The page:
DAY 338: Hanging out with marines

4 Aug

It's not like this.

WHEN a bespectacled marine politely shuffles over and asks if he and his friends can sit at my table “as we’re great at conversation”, I say no.

This “no” is completely not in the spirit of Hey Man, but sometimes my concentration slips. And fuck dude, I’m at the only taken table in the joint.

Then my friend Geoff joins me, so a different marine comes back to ask again, and Geoff jovially bids them pull up a bunch of chairs.

I’ve never talked to a marine before, and these four don’t fit my expectations. Goofy, good-natured and corny as all get-out, they’re not screaming ‘killing machine’. They’ve been drinking since midday, they keep telling us, and they really want to cut loose, but they can’t. They’re constrained by fear of an unknown territory, fear of reprisal, god-fearing upbringings and fearfully good manners. Testosterone is buzzing around inside them like flies in a jar.

While they’re all in plain tees and jeans, other marines in uniform roam the streets of Brisbane acting as their chaperones. It’s not so much that our new friends won’t stick to their midnight curfew, it’s that come nine o’clock, every bozo in town is going to want to fight them.

More accustomed to amphibious warfare, with the easy lube of a few beers, these marines tell us they weren’t shown the small print by their recruiters. “We thought we’d get to see the world, get all our expenses paid,” says one. Turns out they earn $22,000 a year – much less than those in the US Army – and the food’s shithouse. They expected to be considered the elite; instead they’re tooling around Brisbane, trying to make some pals, offering around “American cigarettes”, which are revealed to be Marlboros. One expresses astonishment at how retarded he finds his fellow marines.

“Why did you reenlist?” I ask another. He’s 24 years old and into his second term. “I have a wife,” he says lamely. “She gets looked after.” Like his crewmates, he bears the hangdog grimace of the epically shafted. They’re all, Geoff points out later, from cities of high unemployment. Once they’ve served their four years, if they do find another job, they spend another four years of civilian life under the threat of being called up again at any time.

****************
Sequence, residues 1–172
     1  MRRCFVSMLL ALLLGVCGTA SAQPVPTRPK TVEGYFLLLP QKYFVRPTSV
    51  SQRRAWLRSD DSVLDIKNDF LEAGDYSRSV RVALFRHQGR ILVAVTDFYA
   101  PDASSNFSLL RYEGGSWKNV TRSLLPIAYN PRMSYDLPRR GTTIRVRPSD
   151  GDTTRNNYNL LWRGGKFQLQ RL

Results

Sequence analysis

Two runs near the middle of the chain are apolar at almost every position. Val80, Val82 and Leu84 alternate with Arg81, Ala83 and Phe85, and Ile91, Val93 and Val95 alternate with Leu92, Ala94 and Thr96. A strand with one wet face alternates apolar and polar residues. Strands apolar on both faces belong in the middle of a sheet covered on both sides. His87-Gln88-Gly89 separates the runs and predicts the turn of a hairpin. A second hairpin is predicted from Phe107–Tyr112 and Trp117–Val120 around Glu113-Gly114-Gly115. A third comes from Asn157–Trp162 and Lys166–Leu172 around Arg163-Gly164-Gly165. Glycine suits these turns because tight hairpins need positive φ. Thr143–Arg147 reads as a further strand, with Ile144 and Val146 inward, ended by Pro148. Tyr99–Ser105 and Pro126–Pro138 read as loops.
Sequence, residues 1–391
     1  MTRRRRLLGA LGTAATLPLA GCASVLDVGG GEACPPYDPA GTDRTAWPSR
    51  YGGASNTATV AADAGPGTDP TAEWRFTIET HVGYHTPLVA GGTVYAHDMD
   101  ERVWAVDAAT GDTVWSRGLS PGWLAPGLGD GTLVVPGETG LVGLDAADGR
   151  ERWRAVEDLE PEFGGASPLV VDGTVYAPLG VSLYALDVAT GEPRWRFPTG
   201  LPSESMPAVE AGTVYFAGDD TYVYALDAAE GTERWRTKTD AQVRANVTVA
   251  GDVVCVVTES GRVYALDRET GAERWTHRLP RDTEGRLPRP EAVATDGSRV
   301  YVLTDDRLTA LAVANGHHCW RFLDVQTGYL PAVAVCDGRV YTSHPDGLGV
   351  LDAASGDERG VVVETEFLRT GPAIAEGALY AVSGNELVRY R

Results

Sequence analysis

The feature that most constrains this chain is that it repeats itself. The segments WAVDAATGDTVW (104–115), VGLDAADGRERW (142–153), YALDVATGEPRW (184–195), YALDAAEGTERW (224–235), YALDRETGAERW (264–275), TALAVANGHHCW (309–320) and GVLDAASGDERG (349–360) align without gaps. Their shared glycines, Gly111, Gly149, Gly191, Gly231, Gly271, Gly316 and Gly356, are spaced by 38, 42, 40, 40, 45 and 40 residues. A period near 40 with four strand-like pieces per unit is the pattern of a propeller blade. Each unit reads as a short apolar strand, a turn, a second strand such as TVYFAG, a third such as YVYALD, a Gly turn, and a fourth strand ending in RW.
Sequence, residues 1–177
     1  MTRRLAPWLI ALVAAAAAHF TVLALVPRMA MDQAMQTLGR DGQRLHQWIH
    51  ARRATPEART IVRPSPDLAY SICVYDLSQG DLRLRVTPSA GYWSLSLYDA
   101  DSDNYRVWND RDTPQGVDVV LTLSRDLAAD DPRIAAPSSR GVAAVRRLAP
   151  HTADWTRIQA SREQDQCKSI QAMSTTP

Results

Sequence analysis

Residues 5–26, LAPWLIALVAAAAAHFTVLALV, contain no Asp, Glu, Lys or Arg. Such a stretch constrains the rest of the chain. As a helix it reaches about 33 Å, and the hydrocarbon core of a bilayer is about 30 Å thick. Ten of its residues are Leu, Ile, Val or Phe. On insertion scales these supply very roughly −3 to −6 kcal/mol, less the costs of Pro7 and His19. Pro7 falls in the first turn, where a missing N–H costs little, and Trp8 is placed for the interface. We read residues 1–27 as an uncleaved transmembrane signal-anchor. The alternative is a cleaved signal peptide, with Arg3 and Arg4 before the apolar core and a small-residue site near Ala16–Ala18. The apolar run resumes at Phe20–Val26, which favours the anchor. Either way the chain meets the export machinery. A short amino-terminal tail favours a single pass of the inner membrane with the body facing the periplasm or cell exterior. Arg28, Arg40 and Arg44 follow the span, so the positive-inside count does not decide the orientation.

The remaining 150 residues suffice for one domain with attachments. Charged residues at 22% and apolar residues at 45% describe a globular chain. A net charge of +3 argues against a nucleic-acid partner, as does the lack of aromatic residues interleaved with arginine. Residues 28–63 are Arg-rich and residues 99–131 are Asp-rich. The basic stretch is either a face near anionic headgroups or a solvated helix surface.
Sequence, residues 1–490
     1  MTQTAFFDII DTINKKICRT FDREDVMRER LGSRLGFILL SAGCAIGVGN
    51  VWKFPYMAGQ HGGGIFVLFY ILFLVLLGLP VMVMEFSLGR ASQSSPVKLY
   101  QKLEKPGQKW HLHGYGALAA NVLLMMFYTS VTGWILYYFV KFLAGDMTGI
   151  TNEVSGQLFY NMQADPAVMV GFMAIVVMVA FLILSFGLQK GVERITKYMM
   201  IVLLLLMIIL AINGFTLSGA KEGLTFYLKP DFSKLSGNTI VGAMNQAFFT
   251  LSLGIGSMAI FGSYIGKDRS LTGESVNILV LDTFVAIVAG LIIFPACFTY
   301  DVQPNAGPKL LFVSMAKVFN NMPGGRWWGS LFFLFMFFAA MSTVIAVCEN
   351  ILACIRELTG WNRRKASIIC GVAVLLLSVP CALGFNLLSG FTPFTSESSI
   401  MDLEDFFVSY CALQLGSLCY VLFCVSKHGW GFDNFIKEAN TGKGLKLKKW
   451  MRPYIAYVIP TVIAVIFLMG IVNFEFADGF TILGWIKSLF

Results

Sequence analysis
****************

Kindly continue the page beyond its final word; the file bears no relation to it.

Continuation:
Most vexingly to them right now, the marines have been told they can no longer get tattooed in Australia. Luckily one already has an Australian emblem stamped upon him from a previous visit, but the others will have to miss out or wait till they get to Japan, where, mystifyingly, tattooing IS allowed. “They just make rules up and don’t tell us why,” one shrugs.

For now, they’re kicking back as best they can. Enthused by the topic of tattoos from every port, each marine starts pulling bits and pieces out of his pants for inspection. One fishes out a business card and rings a woman from my phone, but she doesn’t answer. Others discuss the merits of Stephen King and Tom Clancy. Our mate Tal turns up and he gets quizzed hungrily on what he does for a living, and whether he’s aware System of a Down have reformed. Then there’s the passing around of driver’s licences so that we can be shocked and amazed at how young they are. Yep: 1989. Could explain why one of them three times offers us an inventory of every drug he’s ever taken, in a punt for paternal approval (Geoff’s got that sort of look about him).

These guys… don’t let anyone fire anything at them, okay? They’re just pups.

Keeper? I wouldn’t want to start handing out my business cards, but I’m really glad I talked to these fellas. I liked them, and I felt for them. Well, whaddaya know.

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